Fixed Income Funds

What is a Fixed Income Fund?

A fixed income fund typically invests primarily in bonds or other debt securities. Fixed income funds generally seek to pay a distribution on a fixed schedule, though the payment amount is not guaranteed, may vary, and may be zero. Investors may consider this type of fund for its potential for income generation and capital preservation.

Types Of Fixed Income Funds

There are a number of different types of income-producing funds, each with its own characteristics and level of risk.

Government

These funds typically invest in bonds issued by sovereign governments and government agencies authorized to issue debt, such as Fannie Mae and Freddie Mac, and international agencies, such as the World Bank and International Monetary Fund.

Municipal Bonds

Municipal bonds are issued by state and local governments in the U.S. in addition to other public authorities, such as school districts. Generally speaking, interest on municipal bonds is exempt from federal income taxes. In some states, interest on bonds issued by that state and the municipalities within it are also exempt from that state’s income taxes.

Corporate Credit

These funds typically invest in bonds, preferred stocks, and other types of fixed-income instruments representing debt issued by private corporations. Corporate bonds tend to be more risky than bonds issued by governments and carry various credit risks depending on the individual issuer. As a result, however, they may offer potentially higher income opportunities.

Multi-Sector

These funds typically invest in a variety of fixed-income instruments, including a mix of government and corporate bonds. This provides investors with an additional level of diversification across both credit risk and price.

Securitized

Asset-backed securities are collateralized by loans that provide an income stream comprised of both principal and interest on the securities. Loans backing these securities include residential and commercial mortgages, automobile loans, credit cards, and other types of financial assets.

Bank Loans

These represent participation in loans to private corporations underwritten by commercial banks, including first lien, second lien, and collateralized loan obligations. Bank loans tend to be more risky than corporate bonds but, as a result, can potentially offer higher interest rates.

Currencies

These funds typically invest in money market instruments and forward currency contracts denominated in the currencies of foreign countries. In addition to carrying credit risk, these funds carry currency fluctuation risk.

Sukuk

Sukuk funds are vehicles that typically invest in debt instruments structured to comply with Islamic law and its investment principles. Historically, sukuk bonds offer less volatility and more downside protection than conventional bonds. They have also grown in size and diversity over the past several years.

Our Approach

We believe global fixed income markets are inefficient. In our view, the best way to seek to exploit these inefficiencies is through a sector-by-sector research-oriented approach, which is integrated globally. We offer investors a wide range of strategies covering benchmark-aware and unconstrained to tailor portfolios that seek to meet a diverse set of client needs.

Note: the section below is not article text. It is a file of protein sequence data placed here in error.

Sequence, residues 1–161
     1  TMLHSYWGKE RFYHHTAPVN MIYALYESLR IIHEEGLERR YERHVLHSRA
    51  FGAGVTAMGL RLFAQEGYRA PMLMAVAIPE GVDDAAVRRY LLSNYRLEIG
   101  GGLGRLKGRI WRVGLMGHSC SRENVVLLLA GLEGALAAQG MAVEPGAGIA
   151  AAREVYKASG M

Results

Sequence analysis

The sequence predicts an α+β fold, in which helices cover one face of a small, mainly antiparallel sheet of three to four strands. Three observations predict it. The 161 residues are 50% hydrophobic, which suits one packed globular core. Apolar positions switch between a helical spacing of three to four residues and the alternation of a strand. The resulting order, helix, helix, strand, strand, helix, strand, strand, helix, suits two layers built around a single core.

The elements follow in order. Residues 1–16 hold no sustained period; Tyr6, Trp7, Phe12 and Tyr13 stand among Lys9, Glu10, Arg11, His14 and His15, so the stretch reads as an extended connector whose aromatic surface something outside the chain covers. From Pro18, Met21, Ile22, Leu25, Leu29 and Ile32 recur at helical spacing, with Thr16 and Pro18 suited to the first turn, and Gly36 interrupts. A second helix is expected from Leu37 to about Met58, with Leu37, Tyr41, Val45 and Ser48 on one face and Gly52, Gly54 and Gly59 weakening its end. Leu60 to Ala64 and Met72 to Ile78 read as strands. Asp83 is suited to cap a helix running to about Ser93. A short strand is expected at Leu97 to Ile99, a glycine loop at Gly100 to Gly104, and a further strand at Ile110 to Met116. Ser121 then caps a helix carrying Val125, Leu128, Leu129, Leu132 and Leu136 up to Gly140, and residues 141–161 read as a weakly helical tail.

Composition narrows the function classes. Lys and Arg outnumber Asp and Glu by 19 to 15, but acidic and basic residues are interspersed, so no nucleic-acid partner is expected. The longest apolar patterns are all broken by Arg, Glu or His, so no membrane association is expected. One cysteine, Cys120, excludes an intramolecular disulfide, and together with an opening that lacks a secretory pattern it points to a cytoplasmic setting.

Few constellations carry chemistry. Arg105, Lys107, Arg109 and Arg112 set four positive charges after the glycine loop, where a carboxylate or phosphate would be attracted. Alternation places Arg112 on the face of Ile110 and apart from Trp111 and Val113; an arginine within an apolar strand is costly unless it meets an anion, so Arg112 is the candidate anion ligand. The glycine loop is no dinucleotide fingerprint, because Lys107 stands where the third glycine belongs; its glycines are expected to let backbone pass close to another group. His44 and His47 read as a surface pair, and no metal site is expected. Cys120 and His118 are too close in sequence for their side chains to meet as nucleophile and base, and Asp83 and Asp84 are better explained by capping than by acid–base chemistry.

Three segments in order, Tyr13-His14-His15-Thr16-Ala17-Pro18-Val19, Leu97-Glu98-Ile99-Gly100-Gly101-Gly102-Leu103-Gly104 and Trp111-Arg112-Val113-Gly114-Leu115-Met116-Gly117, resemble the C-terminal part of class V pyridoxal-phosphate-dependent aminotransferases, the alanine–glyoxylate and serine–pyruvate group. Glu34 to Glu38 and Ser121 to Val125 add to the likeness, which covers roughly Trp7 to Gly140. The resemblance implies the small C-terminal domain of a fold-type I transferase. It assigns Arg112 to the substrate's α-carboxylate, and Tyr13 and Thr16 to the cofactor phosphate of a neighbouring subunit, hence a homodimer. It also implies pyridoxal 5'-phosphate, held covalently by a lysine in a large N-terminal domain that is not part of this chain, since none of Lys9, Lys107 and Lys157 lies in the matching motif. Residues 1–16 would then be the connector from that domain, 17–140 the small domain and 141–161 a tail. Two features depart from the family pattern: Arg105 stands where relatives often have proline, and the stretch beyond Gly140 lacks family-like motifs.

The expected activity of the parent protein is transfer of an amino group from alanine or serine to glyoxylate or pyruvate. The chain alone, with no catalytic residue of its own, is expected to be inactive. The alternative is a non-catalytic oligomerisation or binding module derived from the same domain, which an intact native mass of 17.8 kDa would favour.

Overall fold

Emphasize Independent Research
We focus on sectors where we believe our independent research offers the greatest opportunities to add value for our clients.
Utilize Multiple Research Perspectives
We believe fixed income portfolios can best be managed by integrating three perspectives: top-down macro analysis, bottom-up sector analysis and quantitative insights to guide strategy allocations.
Commit to the Long Term
We take a long-term view for all we do, from the people we hire, to the markets we enter, to the solutions we offer and to the investment decisions we make.

WHAT IS FIXED INCOME COMPARED TO BOND FUNDS?

Fixed income typically refers to a type of investment under which the borrower or issuer is obliged to make payments of a fixed amount on a fixed schedule.

Investors traditionally equate bonds with fixed income however there are various types of fixed income instruments including preferred securities, treasury bills, certificates of deposit, guaranteed investment certificates, and mortgage backed securities.

In comparison, bond mutual funds invest primarily in individual bonds. Typically they make periodic dividend payments based on the interest paid by the bonds held in the fund.

FEATURED FRANKLIN TEMPLETON FIXED INCOME FUNDS

TGBAX

(Advisor)

Seeks current income with capital appreciation and growth of income by investing primarily in government bonds, including government related entities and agencies located anywhere in the world. The fund regularly uses various currency-related and derivative instruments.

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Seeks to provide a high level of current income exempt from federal income taxes.

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Seeks to provide a high level of current income by investing primarily in U.S. and foreign debt securities.

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Seeks to provide a high level of current income by investing primarily in floating rate senior secured loans (floating rate loans) and corporate debt securities.

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Seeks to provide a high level of current income, while providing lower volatility than a fund that invests in fixed-rate securities. Primarily invested in adjustable-rate mortgage securities (ARMS) that are issued or guaranteed by the U.S. government, its agencies or instrumentalities.


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See all Franklin Templeton fixed income funds.

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